At acquisition, only a sub-image zone was recorded around the spectrum to accelerate spectra acquisition and eliminate as much as possible the background. This spectrograph does not have a slit, so other close stars can be producing spectra around.

Above is the Vega spectrum image, a collection of 9 exposures of 30s, all pre-processed, registered and added with Iris software.

Once opened in Visual Spec, the following profile is obtained (see the blue profile):

To calibrate the spectrum in wavelength, I used the atmospheric line 02 at 7604 angstrom, very deep, and then the Hydrogenous Balmer lines. The wavelength relation was not linear, so I had to performed a non-lin calibration in Vspec.

To complete the spectrum processing, the profile intensity shall be corrected from the CCD response. it is achieved by using the normalized A0V spectrum from the Vspec library. By dividing the raw profile by the reference one, and after the lines elimination and applying a smoothing function the response profile is obtained. This profile is kept aside to correct all the others spectra which will be acquired in the night.

This spectrograph with the ETX90 is not extremelly resolving. It is also limited to brigth objects. But it is sufficient to identify emission lines in Be stars. Below is a summary of the objects recorded during that night. Refer to the section of the spectra library to get access to the observations data.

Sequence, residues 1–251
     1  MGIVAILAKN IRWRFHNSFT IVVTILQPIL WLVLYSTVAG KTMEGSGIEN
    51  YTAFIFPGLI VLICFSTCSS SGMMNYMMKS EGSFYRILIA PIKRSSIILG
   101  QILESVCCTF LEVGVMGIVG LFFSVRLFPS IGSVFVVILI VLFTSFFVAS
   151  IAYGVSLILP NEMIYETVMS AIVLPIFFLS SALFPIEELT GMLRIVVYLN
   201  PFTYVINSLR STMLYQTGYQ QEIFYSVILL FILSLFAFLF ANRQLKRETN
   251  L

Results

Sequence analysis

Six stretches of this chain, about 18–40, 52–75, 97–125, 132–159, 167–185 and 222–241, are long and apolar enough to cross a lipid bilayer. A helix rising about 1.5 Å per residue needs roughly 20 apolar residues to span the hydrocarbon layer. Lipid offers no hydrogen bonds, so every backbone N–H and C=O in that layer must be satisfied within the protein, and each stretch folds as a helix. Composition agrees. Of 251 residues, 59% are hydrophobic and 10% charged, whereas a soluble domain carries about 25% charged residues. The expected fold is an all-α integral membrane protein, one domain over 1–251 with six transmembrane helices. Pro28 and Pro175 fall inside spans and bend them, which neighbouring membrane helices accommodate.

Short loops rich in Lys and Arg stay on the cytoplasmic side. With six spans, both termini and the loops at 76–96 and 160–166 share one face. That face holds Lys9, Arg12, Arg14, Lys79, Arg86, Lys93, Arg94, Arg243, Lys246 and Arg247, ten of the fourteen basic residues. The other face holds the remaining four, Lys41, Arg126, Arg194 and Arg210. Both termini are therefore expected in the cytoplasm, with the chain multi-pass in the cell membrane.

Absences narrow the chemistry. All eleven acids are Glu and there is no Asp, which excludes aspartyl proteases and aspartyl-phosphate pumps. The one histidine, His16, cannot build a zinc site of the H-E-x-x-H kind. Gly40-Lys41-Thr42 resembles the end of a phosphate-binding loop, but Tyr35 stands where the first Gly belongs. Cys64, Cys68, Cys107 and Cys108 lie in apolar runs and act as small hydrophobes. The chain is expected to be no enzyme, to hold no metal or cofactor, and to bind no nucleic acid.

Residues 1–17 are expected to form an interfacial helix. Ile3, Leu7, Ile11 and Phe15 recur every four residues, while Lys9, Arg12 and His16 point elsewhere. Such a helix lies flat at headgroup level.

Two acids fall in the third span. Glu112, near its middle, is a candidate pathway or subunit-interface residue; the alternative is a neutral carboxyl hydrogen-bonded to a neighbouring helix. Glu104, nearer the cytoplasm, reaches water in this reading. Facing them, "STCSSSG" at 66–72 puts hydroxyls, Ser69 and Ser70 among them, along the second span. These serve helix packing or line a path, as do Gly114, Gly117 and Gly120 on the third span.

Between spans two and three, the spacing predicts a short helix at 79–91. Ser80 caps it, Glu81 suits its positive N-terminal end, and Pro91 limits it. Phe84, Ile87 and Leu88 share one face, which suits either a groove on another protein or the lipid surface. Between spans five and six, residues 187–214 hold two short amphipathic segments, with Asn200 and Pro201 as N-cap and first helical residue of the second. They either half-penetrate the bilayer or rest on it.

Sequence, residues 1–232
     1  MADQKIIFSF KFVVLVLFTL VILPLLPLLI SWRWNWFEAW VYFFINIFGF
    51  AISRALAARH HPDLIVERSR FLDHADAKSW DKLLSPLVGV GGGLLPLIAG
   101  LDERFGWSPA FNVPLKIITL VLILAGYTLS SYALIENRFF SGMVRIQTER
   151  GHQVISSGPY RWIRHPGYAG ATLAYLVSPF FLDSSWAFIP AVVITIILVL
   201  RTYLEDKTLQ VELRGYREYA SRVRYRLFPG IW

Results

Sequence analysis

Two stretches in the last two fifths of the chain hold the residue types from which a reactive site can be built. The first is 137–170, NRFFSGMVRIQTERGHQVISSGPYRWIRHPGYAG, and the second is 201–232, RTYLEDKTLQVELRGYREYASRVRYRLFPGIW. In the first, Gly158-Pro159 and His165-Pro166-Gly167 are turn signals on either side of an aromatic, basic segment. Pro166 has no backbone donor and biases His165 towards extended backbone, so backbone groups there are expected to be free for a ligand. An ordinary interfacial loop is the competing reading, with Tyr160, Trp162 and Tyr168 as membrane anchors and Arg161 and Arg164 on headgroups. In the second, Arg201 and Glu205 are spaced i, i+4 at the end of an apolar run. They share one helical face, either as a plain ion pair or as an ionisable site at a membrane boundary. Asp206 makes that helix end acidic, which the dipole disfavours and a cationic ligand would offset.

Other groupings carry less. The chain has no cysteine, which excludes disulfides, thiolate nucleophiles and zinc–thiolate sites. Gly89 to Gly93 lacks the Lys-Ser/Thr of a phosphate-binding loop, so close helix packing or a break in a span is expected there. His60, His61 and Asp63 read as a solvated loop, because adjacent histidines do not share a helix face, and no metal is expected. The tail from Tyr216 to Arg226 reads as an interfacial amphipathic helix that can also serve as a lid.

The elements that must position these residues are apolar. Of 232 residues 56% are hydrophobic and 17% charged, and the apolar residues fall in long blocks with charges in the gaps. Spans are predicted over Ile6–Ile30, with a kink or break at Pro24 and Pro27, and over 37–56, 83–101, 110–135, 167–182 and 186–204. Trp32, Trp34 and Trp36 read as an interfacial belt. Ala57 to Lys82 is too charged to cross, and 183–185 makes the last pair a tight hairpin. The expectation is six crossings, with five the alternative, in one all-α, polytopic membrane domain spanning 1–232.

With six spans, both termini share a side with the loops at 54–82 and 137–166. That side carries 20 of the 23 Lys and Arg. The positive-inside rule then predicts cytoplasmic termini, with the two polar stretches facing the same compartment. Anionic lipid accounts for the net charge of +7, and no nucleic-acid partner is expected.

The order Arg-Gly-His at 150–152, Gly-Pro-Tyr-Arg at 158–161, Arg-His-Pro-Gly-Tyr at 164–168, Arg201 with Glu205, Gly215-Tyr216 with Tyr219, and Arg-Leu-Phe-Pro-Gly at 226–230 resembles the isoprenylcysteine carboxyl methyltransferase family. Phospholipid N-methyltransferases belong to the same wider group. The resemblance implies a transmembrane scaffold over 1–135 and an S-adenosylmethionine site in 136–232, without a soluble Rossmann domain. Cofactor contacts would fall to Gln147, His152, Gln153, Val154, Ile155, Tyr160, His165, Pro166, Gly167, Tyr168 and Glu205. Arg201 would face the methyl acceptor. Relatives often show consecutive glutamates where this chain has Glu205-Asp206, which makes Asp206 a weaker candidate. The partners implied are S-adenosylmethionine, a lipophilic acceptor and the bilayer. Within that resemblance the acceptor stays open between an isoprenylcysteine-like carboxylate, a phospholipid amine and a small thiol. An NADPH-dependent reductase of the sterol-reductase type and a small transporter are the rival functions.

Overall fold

From right to left and top to bottom the stars are:
Vega - Eta Uma - Gamma Cas - Beta Cep - Kappa Dra -Th CrB
G Cas is a Be star with a strong H-alpha emission line.
All the spectra have the same exposure time and are represented at the same scale.

 Christian Buil's spectrographs

Christian is a French amateur who greatly popularize the spectroscopy in the amateur world by providing several types of spectrograph design. From very low and basic design with a simple transmission grating to a more complex spectrograph with slit and multiple objectives, the list is constinously evolving with numerous examples, drawings, pictures and observations reports.

Christian is also the designer of the free software Iris and participated to the design of the CCD Audine camera (cloned as Genesis camera in US).

see C.Buil site at http:\\\buil\